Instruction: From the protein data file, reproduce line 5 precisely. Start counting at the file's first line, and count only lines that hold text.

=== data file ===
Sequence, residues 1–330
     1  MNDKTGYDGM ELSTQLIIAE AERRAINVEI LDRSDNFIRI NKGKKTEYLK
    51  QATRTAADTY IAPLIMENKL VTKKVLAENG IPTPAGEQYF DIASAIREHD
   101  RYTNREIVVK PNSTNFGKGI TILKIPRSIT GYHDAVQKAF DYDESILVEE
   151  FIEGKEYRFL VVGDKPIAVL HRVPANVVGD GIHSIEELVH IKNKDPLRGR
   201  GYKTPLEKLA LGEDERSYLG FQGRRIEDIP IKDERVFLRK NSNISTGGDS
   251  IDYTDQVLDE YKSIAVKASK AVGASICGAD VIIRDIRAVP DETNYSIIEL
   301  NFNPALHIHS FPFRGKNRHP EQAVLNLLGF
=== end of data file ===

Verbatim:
   151  FIEGKEYRFL VVGDKPIAVL HRVPANVVGD GIHSIEELVH IKNKDPLRGR